Three Presentations by Donald Harris (1938-2011)


I struggle with a quandry that sore perturbs my mind.
Am I something less than human, or something more
divine? It is not human to cast one's cerements aside,
and only an immortal live on beyond a semblance of
death or being dead. Will you, therefore, sing me soft
down regimens of resurrection that I might be receptive
to my going out and coming back again? I place my
fingers into my ears so that I may no longer hear the
screams and gibberish from that semilucent dark. I am
desirous that some sentiment of satisfaction might break
through, beyond the vineyard, beyond the grove of figs.
He and John came teaching/preaching a kingdom for
the Jews, one that would overcome/supersede the Roman,
but when it became obvious that such was not tenable,
or viable, he quickly proclaimed, "No, no, I meant it is a
spiritual kingdom, one that is inside the self."
Why did he bring me back from the silence of sweet
soothing death to plunge me once again into the
rancorous wrangling of my two sisters as to which
should do what part of keeping house? How many know
that impasse of wishing for death to come as a relief
or a release from pain or grief or some debilitation,
yet one longs for further life so as to accomplish desires
yet to have been done? Was I not to know that leisure in
an afterlife where I could be a rustle in a whisper of the
wind? Where is that mercy from the life spread over as
sheltering leaves do shade the path below? By what right
am I not left to find some ease of heart, some peace of
mind? But I must turn with the turning sun, and burn
with its course across the sky, until I am no longer needed
to explicate the glory of the man who would be God.


Suppose, for starts, we just call it quits, and let everything go, at that. After all, you have known for a long time of my hope for some surcease of suffering, sadness, sorrow, something that would be a sufficient anodyne for all my ills. If there is no certainty but death, yet death may sometimes bring a blessed relief, even though it be spring, and a robin is trilling out melodic promises of ever recurrent burgeonings. But the song of birds, the sight of flowers can never obliterate the memory of that night at that bar, where I should not have drunk that one more Pink Squirrel, even though it helped me to loudly sing, along with the rest of the crowd, of finding my thrill on Blueberry Hill, for afterward occurred the accident, in which one person was killed, another left wheelchair bound, and a third sustained head injuries whereby she was never again properly mentally functional, and I am charged with such deep regret, such cutting remorse, that ever and anon, tears spring into my eyes. I have lived long enough that youth has long since passed me by, and most of the young do much the same. By many I am forgotten, and by many others I am not even thought of, in the least, at all. I have become a vague gray nondescript nonentity. How insightful of Macbeth to recognize that his lady should have died hereafter. So shall we all. If you suppose that God sends pain and suffering, then you should suppose that an extirpation of such is a godsend too. Did Hamlet perhaps have this in mind when he considered someone making a quietas with a bare bodkin, in order to shuffle off this mortal coil? But then you maintain that Ophelia committed suicide out of a sense of maiden shame? May I be given proof or instance as to how to understand your interpretation.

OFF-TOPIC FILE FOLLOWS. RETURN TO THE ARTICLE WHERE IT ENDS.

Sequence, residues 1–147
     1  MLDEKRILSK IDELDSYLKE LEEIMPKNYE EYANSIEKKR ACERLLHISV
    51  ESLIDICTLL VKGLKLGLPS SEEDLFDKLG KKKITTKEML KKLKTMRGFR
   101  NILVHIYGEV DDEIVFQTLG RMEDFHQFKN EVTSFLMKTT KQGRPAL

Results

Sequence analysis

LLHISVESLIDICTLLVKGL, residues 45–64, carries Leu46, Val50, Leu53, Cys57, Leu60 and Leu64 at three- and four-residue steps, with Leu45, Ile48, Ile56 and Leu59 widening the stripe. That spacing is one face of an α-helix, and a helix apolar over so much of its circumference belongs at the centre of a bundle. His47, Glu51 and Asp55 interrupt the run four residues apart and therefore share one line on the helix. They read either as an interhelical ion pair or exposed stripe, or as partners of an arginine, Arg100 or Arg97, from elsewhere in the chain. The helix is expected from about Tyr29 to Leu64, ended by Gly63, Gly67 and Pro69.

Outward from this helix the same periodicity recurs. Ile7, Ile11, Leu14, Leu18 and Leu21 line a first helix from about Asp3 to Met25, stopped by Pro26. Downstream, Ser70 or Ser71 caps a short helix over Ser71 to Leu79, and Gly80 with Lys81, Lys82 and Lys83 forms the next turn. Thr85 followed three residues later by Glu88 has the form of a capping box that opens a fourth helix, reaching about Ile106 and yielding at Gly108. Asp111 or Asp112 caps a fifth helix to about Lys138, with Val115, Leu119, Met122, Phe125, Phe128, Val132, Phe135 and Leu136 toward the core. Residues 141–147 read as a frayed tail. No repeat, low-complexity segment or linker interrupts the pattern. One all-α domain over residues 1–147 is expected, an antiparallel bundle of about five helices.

My softness falls so hard upon
I cannot fathom out the deep
It's hard to imagine what has gone

In your company I am most alone
What I have I cannot keep
My softness falls so hard upon

What matters if I feel ill at ease
Like Lear I will refuse to weep
It's hard to imagine what has gone

I grope through darkness toward the light
Discouraged by a way too steep
My softness falls so hard upon

I have some understanding of your pain
What I have sowed I now must reap
It's hard to imagine what has gone

Life is a chocolate ice cream cone
That I have dropped upon the street
My softness falls so hard upon
It's hard to imagine what has gone.

Poem to be Sung / Donald Harris

I've got those weary worn out run down blues, which comes from walking too long in the same damn shoes. Well, I might blame my mama, but she done gone insane, or I might blame my daddy, but he done put a bullet through his brain. So I may as well thump and bump and jump the stump; but why does I always come out feeling like a donkey's rump? Maybe you think I should be eating worms and flies and maggots, until worms and flies and maggots are eating all on me. Well, let me tell you, lady, I ain't nowhere near the fool I used to be. Oh in frightening dreams I see Ezekial's wheel a whirling down on me, and like the harpist of Israel said I shed tears upon my bed, tears of bread to eat, tears in the withering heat. How many tears are shed for many men done gone where the turbid Mississippi flows? Oh who can hear the wail of weeping in the wind, the splashing of rain, the plashing of tears, the dull thudding of a grieving heart? Oh my little darlin' has a mighty fine oven that can bake my loaf of bread, but if she ain't in the mood for cookin', she can leave my weenie hangin' limp instead. Oh how terrible to be a lonesome me. But I loves to see her do her waggle dance, when she wants to show the way to the honey in her hive.

Autonomy, a Prayer / Bob Ambrose

To be free from tubes
and holding tight with taut
skin stretching staple-free, my
belly humming blissfully beneath
the bandaged five-part scar;
to sneeze and laugh and like
the twinge; to feel akin to fountain
boy still en pissant in Brussels square;
my body, unattached and free –
in freedom, sweet autonomy.

To step outside to open sky
and feel the sun inspiring
sweat; to swerve and crunch
September leaves, and smell
the summer stored inside;
to stand in shade air-cooled
by breeze; to harbor strength
to stride with ease to where
I will – where will is strong
to will belongs autonomy.

To pay due heed is prayer indeed,
or prayer enough for one set free
from climate-cooled sterility
from pumps, procedures, hardened
tools, precision cuts that take out
lumps and treasures of vitality
in trade for time and open space
inside my body, in my life to fill
with what – that choice is mine,
and choice defines autonomy.

To walk away from death each day
each step a prayer and prayer’s reply,
each dawning light, a night behind,
a morning more to hear the score
of tiny tongues in praise of life, those
chittering skittering prayers quick
told by insects, birds and hurried
souls just growing old too busy
for reflective ways – but deepened
thought is root of our autonomy.

To be granted time to redefine
one’s way within the sacred web
of all that is, receiving life more
graciously and giving back
with equal ease, enraptured
in the dance of grace transforming
old conflicted ways; a daily task,